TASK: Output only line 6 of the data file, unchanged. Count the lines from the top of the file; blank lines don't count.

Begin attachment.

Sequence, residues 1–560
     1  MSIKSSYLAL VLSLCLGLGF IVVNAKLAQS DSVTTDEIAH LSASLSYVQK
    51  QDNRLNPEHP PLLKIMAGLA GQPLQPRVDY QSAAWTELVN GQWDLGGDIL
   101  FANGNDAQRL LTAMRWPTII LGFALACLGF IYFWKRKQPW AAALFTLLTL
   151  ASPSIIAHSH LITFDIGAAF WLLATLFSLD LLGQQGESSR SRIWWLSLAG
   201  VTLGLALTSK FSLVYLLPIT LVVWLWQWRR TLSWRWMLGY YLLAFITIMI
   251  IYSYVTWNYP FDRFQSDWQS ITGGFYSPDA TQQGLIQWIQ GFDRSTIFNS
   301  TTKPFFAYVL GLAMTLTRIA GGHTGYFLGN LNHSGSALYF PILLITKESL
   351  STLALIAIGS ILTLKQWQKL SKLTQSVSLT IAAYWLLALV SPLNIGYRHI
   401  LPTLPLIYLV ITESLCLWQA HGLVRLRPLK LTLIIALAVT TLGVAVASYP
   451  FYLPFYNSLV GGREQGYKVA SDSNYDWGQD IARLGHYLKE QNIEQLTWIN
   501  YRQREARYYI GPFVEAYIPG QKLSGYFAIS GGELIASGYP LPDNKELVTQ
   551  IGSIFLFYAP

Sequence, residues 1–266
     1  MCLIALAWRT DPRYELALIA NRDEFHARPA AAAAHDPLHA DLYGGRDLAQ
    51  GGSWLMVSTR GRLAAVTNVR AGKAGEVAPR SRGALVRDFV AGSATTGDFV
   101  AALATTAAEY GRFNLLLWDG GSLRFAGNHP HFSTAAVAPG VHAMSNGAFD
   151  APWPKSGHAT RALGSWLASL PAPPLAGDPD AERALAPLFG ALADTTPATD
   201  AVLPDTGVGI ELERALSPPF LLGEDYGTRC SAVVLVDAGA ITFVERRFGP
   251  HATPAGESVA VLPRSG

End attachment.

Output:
   201  VTLGLALTSK FSLVYLLPIT LVVWLWQWRR TLSWRWMLGY YLLAFITIMI